8. Taking on terrorism, 2008-09

Cuttack, November 26, 2008. Kevin Pietersen’s men had put up 270 for 4, but Virender Sehwag led the charge with 91, three others got fifties, and India romped home in the 44th over. India led 5-0 in the 7-ODI series.

Unfortunately, the last 2 ODIs never happened, for on the same day, twelve terrorists went on a rampage in Mumbai, killing 164 and injuring over 300. Cricket took a backseat.

The remaining ODIs were cancelled, but after a detour of home, England agreed to play the rest of the series, though they had to be relocated from Mumbai and Ahmedabad to Chennai and Mohali.

Whatever happened after that was irrelevant, but let me still narrate the tale in brief. Andrew Strauss set it up for England with 123 and 108. India were set 387. Unfortunately for them, Sehwag set about it in cavalier fashion: by the time he fell for a 68-ball 83 (68 of these runs came in boundaries) India had raced to 117. India lost two more wickets, but Tendulkar, first with Laxman, then with Yuvraj Singh, marshalled the chase.

Seldom has a Test been celebrated with such exhilaration. Seldom has the outcome of the Test mattered so little. Seldom has a run-chase of such intensity reduced to such irrelevance.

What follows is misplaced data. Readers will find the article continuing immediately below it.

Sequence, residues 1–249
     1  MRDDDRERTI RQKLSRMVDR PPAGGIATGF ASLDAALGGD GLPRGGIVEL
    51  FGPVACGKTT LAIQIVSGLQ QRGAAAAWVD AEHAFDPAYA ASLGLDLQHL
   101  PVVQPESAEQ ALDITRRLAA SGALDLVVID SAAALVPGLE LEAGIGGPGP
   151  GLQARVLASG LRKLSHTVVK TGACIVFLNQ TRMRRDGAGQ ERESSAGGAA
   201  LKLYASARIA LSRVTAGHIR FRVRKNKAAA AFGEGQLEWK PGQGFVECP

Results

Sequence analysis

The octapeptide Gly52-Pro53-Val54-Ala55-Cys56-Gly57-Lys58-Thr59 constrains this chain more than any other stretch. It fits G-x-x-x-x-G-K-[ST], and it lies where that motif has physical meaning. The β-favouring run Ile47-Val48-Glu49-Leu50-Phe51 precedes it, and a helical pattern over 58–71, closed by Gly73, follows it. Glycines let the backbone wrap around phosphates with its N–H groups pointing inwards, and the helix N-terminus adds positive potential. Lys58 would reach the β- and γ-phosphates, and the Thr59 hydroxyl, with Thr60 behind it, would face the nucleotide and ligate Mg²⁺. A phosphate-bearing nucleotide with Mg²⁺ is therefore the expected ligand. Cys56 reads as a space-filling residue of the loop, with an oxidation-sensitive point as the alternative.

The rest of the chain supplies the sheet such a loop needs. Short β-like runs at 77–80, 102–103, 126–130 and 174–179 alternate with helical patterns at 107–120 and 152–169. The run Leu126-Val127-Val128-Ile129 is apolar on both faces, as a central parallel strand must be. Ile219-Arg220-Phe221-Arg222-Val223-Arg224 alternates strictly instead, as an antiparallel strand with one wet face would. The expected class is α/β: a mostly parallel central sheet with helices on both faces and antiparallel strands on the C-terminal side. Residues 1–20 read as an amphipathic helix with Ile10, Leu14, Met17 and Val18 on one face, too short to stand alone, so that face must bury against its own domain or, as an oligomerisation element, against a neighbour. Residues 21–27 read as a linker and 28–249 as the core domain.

The phrase “in the end, cricket was the winner” has been reduced to a cliché several year ago. On that day, however, nothing could have been truer: they battled each other, India and England, and between them they fought a war as big as anything cricket has ever encountered.

9. Top of the world, 2009-10

In the 2000s, under Ganguly, Dravid, and MS Dhoni, India crossed won hurdle after another. They drew in Australia (in the absence of key bowlers, but ICC rankings do not take that into consideration), won series in Pakistan, England, West Indies, and New Zealand. South Africa remained unconquered, but they had won their first Test there.

Despite that there was little recognition of their consistency till then. Australia’s defeats against England and South Africa meant they had slipped down a bit. They also lost to India in India. When Sri Lanka came over in 2009-10, India needed to win the series 2-0 to pip Australia to the No. 1 spot.